"Socratic inquiry" is named for the Greek philosopher Socrates, who believed that questions — not answers — stimulate learning.
Rather than teaching facts and information, Socrates encouraged young people to question their assumptions, values, and preconceptions.
Through this process, students uncover their beliefs, misconceptions, and values, and eventually clarify their thoughts related to the topic under discussion.
Through engaging in Socratic discussions, students can become more adept at critical thinking, improve their listening skills, learn to better articulate their thoughts and ideas, and become more tolerant of diverse opinions.
In Socratic inquiry, the role of the teacher shifts from direct instruction to facilitating discussion. Through skilled questioning, the teacher asks students to clarify their statements, identify weaknesses in their arguments, and provide evidence for their reasoning.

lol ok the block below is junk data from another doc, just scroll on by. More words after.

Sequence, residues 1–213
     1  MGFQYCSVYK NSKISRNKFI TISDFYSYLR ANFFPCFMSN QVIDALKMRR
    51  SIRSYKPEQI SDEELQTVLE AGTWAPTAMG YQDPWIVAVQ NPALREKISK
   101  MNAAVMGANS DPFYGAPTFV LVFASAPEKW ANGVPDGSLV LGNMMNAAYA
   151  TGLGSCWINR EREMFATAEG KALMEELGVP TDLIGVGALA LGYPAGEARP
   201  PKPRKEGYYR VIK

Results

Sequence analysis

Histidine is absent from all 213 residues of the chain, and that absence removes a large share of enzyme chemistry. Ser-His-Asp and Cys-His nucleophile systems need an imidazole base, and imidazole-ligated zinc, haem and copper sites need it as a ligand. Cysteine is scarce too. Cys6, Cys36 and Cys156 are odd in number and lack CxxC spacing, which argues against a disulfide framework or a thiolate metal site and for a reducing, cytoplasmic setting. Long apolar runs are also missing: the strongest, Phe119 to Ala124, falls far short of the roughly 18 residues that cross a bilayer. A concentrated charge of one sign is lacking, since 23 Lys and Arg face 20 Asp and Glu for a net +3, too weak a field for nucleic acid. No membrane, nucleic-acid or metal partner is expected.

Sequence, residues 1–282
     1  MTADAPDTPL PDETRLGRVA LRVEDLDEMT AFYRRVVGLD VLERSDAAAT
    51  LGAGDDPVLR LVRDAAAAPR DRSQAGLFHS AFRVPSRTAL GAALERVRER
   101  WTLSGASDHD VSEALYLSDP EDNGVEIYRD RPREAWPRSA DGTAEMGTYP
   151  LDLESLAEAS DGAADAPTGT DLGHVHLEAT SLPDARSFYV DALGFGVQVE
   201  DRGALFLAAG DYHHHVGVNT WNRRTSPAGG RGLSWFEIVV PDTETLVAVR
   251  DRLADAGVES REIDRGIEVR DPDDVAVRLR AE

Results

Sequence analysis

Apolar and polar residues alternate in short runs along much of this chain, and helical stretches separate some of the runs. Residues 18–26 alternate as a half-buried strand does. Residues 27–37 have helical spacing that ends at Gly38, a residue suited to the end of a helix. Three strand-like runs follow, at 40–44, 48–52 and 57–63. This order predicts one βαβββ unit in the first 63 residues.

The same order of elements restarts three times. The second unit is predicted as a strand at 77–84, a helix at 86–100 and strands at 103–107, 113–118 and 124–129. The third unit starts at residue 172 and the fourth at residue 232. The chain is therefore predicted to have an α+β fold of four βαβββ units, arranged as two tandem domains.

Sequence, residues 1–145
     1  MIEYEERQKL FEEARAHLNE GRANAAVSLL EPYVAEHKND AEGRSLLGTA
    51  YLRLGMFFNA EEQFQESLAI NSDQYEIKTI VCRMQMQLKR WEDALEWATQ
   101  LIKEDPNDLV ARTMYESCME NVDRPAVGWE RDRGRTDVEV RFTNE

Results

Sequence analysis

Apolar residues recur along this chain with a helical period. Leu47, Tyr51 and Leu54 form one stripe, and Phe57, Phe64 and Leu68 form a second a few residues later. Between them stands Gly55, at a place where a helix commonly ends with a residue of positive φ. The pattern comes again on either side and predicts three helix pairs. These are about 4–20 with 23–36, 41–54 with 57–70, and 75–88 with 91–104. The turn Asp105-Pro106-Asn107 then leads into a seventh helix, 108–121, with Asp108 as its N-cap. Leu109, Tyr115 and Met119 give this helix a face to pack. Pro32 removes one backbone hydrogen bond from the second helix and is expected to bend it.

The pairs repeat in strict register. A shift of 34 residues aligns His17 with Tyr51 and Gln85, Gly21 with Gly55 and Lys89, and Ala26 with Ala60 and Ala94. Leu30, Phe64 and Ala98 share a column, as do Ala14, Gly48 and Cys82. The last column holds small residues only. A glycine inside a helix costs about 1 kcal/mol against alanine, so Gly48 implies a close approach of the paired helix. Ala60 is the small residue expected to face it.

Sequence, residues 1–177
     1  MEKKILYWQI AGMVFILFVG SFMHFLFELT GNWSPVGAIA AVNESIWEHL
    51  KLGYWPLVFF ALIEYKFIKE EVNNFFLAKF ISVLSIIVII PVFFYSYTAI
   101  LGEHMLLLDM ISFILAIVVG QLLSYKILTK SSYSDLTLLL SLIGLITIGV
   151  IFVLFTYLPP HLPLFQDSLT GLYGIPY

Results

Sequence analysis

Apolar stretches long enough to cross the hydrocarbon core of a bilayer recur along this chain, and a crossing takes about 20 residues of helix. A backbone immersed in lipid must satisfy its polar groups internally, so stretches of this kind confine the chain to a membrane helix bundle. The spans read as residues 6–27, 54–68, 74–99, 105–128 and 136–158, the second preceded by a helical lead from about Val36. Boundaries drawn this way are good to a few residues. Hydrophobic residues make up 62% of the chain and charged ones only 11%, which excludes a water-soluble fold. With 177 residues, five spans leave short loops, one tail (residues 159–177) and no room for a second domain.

The Center for Ecoliteracy has developed curriculum grounded in Socratic inquiry, such as a teacher's guide for the highly publicized film Food, Inc. Through this curriculum, high school students discuss and debate issues such as animal welfare, workers' rights, the right to know what is in our food, and the copyrighting of genetically modified plants. By debating controversial issues, students come to a more sophisticated understanding of their complexities.